Not easy to pin down, this culture thing!

This is the course I am taking:

Posted in Photography, Weekly Photo Challenge

Weekly Photo Challenge: Twist

10325345_10152354778891445_8995714388448385218_nCertainly plenty of twists here!

In an added twist, this boat used to belong to the East German navy and is now (after a stint as a tourist boat) being transformed into a home and a place of counselling and “soul care” (!

Posted in Art, Culture


10310657_650801698303093_5095080523172767115_n(Sculpture by Bruno Catalano)


(Welsh, noun) A homesickness for a home to which you cannot return, a home which maybe never was; the nostalgia, the yearning, the grief for the lost places of your past.

Sculptures don’t often “speak” to me.  I’m more of a words kind of girl…  Yet when I saw these pictures, they didn’t just speak, they struck a very deep chord. Suitcase in hand, off to new horizons.  Somehow I don’t think he is off on his summer holidays.  This looks more serious.  Maybe he is emigrating, all his possesions in one suitcase.  Unlike me, shipping boxes and boxes full of stuff from my old home to the new one.

Either way, the travelling, the good-byes have left their mark.  He leaves part of himself behind.  The people, the places, that made that season of his life special. He can take his memories with him but there will always be the aching, the longing, the hiraeth.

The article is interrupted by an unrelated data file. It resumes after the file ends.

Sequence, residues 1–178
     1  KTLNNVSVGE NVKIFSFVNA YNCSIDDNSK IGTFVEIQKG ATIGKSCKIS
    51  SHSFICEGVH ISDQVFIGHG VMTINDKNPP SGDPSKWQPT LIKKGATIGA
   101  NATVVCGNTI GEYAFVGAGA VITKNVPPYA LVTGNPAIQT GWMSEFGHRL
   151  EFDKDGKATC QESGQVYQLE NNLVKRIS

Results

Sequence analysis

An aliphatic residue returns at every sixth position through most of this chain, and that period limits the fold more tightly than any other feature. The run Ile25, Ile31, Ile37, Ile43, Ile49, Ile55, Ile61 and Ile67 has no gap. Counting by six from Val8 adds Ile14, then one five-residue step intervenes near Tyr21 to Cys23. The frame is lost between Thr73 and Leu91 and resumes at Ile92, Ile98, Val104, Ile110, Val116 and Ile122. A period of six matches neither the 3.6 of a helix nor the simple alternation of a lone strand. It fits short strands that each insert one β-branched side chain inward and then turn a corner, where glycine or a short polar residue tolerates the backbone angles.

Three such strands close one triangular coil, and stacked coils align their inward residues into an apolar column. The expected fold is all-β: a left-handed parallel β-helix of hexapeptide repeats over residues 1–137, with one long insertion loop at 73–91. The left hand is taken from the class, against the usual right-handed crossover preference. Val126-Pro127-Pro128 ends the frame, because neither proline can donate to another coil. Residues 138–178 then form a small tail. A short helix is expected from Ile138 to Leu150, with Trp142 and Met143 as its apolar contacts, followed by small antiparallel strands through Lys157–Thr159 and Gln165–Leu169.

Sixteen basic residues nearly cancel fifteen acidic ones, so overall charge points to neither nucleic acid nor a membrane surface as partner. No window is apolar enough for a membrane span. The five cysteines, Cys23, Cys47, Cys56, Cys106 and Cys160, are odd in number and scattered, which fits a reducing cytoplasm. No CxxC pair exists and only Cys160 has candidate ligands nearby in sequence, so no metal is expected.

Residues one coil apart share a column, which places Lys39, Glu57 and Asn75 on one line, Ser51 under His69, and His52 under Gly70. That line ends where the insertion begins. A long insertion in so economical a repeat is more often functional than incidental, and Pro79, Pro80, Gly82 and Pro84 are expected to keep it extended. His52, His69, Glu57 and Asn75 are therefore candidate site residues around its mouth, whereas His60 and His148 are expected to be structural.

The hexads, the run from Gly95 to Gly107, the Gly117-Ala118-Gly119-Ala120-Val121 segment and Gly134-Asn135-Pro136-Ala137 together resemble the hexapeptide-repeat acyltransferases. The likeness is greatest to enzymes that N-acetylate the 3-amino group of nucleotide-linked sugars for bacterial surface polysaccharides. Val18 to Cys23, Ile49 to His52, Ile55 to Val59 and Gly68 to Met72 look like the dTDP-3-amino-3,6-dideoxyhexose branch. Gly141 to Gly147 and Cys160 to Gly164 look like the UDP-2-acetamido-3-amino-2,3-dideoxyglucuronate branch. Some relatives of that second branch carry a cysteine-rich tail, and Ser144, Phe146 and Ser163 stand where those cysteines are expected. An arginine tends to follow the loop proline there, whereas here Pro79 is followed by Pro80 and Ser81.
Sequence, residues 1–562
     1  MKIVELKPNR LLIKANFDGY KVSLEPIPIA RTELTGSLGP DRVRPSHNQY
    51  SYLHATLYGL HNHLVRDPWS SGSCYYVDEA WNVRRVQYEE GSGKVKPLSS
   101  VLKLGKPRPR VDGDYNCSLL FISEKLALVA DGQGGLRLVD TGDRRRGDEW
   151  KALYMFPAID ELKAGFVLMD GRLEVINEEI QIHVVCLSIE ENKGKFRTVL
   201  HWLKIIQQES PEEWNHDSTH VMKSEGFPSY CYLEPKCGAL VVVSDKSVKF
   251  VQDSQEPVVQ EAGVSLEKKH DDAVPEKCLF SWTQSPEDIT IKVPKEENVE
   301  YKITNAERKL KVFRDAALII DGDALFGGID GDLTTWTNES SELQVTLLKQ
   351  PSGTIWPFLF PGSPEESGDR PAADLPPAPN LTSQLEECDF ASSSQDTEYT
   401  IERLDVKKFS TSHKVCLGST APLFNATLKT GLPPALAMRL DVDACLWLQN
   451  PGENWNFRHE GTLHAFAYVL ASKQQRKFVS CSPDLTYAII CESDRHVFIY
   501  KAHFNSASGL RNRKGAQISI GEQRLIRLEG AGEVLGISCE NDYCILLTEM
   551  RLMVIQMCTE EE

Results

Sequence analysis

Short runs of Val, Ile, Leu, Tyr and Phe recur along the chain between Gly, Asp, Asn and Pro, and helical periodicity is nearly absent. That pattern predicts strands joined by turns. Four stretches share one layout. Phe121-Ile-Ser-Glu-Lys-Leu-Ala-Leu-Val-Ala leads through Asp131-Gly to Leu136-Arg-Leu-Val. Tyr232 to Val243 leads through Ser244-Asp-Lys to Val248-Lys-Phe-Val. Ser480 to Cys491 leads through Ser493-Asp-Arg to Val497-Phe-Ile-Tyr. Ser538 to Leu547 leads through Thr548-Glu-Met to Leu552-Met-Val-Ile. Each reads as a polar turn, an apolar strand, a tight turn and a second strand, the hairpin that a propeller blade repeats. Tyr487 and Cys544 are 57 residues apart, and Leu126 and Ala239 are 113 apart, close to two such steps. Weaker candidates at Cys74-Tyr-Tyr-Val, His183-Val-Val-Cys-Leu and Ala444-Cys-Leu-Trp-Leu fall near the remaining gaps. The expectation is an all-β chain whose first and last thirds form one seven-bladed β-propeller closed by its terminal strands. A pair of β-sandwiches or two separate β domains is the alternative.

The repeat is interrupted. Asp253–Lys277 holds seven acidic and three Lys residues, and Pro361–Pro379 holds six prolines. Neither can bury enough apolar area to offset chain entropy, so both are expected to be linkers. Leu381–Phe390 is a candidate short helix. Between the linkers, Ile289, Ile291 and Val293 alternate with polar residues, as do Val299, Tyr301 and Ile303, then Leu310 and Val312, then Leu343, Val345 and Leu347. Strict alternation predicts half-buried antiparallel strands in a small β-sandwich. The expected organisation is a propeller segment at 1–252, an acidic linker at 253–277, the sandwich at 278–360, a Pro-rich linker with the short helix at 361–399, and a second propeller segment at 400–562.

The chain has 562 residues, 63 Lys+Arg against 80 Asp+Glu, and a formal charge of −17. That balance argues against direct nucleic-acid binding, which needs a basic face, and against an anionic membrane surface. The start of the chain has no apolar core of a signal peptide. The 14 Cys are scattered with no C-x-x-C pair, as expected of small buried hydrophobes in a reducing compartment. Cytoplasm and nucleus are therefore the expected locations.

“A homesickness for a home to which you cannot return”.  These days, travel is easy. Many of us are able to return to the places we have left behind.  Those are special times. And yet…  It is never truly returning home. Places change, people leave or pass away, we ourselves change.  Relationships will never be the same again.

In the leaving, there is great excitement and hope. There is also the first inkling of hiraeth, of leaving behind a part of yourself that can never be retrieved. So often the joy and the richness of discovering a new place, new relationships, and the painful longing for the old, “for the lost places of your past”, go hand in hand.

Refugees, emigrants of old, people who know, who knew, that a physical return will be nigh on impossible – how much more deeply must they feel, have felt that “hiraeth”.

Hiraeth bears considerable similarities with the Portuguese concept of saudade (a key theme in Fado music), Galician morriña and Romanian dor (